To improve the quality of the anomaly detection one can add sensors in the network, mainly composed of low-interaction honeypots and sinkholes. Additional deployments, like honeybots (running DDoS zombies in a sandbox to gather attack data) and honeyrouters (to catch BGP speaking routers hunters) are more resource intensive but broaden the scope of the EWS.

Such an approach is not CAPEX/OPEX intensive, and comes with nearly zero impact on the infrastructure thanks to the re-use data and statistics that are already available from monitoring, security and management systems. When combined with real-time traffic diversion techniques the macroscopic (high level flows and anomalies) view can become a microscopic one (full header and payload).

Most of these concepts and ideas also apply to internal IT networks and can be really helpful when it comes to detect rogue activities like worm breakouts or unusual traffic flows.

Nicolas Fischbach is a Senior Manager, in charge of the European Network Security Engineering team at COLT Telecom, a leading pan-European provider of end-to-end business communications services.

He holds an Engineer degree in Networking and Distributed Computing and is a recognized authority on Service Provider infrastructure security and denial-of-service attacks mitigation.

Nicolas is co-founder of Sécurité.Org a French speaking portal on computer and network security, of eXperts, an informal security research group and of the French chapter of the Honeynet project.

He has presented at numerous technical and security conferences, teaches networking and security courses at various universities and engineering schools, and is a regular contributor to the french security magazine MISC.

More details and contact information on his homepage.

Return to the top of the page

Introduction to Embedded Security
Joe Grand, President & CEO, Grand Idea Studio, Inc.

The design of secure hardware is often overlooked in the product development lifecycle, leaving many devices vulnerable to hacker attacks resulting in theft of service, loss of revenue, or a damaged reputation. Many times, products must be redesigned after a harmful incident, which raises overall development costs and increases time-to-market. This paper focuses on general concepts for secure hardware design coupled with practical examples. Topics in this talk include recommendations on incorporating security into the product development cycle, attack and threat models, and design solutions for enclosure, circuit board, and firmware layers.

Joe Grand is the President and CEO of Grand Idea Studio, a product design and development firm that brings unique inventions to market through intellectual property licensing. Many of his creations, including consumer electronics, medical products, video games and toys, are sold worldwide.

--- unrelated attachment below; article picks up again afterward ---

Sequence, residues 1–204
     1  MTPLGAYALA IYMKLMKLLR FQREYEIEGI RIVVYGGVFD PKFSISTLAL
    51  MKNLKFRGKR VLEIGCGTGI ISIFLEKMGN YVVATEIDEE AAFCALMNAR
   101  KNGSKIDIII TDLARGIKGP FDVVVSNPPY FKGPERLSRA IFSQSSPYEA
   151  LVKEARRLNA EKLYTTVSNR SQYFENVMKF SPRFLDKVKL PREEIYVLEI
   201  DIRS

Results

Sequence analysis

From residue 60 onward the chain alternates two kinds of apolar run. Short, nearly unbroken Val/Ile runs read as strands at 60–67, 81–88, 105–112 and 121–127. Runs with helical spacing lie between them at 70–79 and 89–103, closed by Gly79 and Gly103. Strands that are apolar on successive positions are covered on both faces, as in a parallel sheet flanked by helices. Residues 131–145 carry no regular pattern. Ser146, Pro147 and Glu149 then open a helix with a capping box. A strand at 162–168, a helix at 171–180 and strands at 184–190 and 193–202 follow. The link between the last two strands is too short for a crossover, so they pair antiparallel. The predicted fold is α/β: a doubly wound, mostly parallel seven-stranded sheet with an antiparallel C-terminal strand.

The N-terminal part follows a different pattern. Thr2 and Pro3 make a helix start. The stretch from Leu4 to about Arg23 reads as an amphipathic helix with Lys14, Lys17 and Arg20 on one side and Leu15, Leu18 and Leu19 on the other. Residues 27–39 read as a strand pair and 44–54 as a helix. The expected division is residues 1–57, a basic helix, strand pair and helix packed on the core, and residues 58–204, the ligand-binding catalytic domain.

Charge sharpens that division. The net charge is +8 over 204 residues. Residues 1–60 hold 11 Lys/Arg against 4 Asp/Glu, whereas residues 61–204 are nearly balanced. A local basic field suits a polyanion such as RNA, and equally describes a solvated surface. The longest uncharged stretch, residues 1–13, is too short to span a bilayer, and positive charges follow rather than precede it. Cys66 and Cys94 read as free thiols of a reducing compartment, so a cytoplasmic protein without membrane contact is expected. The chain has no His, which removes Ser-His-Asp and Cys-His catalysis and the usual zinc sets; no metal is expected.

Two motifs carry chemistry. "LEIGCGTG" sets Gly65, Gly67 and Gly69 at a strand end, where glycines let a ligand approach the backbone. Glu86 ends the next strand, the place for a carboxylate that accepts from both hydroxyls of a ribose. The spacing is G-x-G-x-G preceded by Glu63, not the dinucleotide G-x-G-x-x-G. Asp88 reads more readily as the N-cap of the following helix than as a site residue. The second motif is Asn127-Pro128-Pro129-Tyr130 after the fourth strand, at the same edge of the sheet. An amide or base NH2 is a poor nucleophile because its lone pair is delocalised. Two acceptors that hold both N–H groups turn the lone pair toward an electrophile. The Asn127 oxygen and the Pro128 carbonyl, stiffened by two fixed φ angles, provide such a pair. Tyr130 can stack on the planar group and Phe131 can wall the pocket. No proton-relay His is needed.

A recognized name in computer security and electrical engineering, Joe’s pioneering research on product design and analysis, mobile devices, and digital forensics is published in various industry journals. He is the author of Hardware Hacking: Having Fun While Voiding Your Warranty (Syngress Publishing, ISBN 1-932266-83-6), and a co-author of Hack Proofing Your Network (Syngress Publishing, ISBN 1-928994-70-9) and Stealing The Network (Syngress Publishing, ISBN 1-931836-87-6).

Joe has testified before the United States Senate Governmental Affairs Committee on the state of government and homeland computer security, and is a former member of the legendary hacker think-tank L0pht Heavy Industries. He has presented his work at numerous academic, industry, and private forums, including the United States Naval Post Graduate School Center for INFOSEC Studies and Research, the United States Air Force Office of Special Investigations, the USENIX Security Symposium, and the IBM Thomas J. Watson Research Center. Joe holds a BSCE from Boston University.

Return to the top of the page

Introduction to Mobile Device Insecurity
Joe Grand, President & CEO, Grand Idea Studio, Inc.

Mobile devices, particularly PDAs, have numerous security weaknesses and are wide open to attack due to their widespread implementation and current lack of a decent security framework. Although well known in the security industry to be insecure, PDAs are ubiquitous in enterprise environments and are being used for such applications as one-time-password generation, storage of medical and company confidential information, and e-commerce. It is not enough to assume all users are conscious of computer security and it is crucial to understand the risks of using portable devices in a security infrastructure.

This talk serves as an introduction into the classes of problems in mobile devices and provides detail into specific scenarios, security weaknesses, and mitigation recommendations related to data protection, malicious code, and virus storage and propagation. The practical examples provided in this session will focus on Palm OS devices. Additionally, users and developers can use the research presented as a model to gain a deeper understanding of the security risks PDAs and other portable devices introduce.

Joe Grand is the President and CEO of Grand Idea Studio, a product design and development firm that brings unique inventions to market through intellectual property licensing. Many of his creations, including consumer electronics, medical products, video games and toys, are sold worldwide.

A recognized name in computer security and electrical engineering, Joe’s pioneering research on product design and analysis, mobile devices, and digital forensics is published in various industry journals. He is the author of Hardware Hacking: Having Fun While Voiding Your Warranty (Syngress Publishing, ISBN 1-932266-83-6), and a co-author of Hack Proofing Your Network (Syngress Publishing, ISBN 1-928994-70-9) and Stealing The Network (Syngress Publishing, ISBN 1-931836-87-6).

Joe has testified before the United States Senate Governmental Affairs Committee on the state of government and homeland computer security, and is a former member of the legendary hacker think-tank L0pht Heavy Industries. He has presented his work at numerous academic, industry, and private forums, including the United States Naval Post Graduate School Center for INFOSEC Studies and Research, the United States Air Force Office of Special Investigations, the USENIX Security Symposium, and the IBM Thomas J. Watson Research Center. Joe holds a BSCE from Boston University.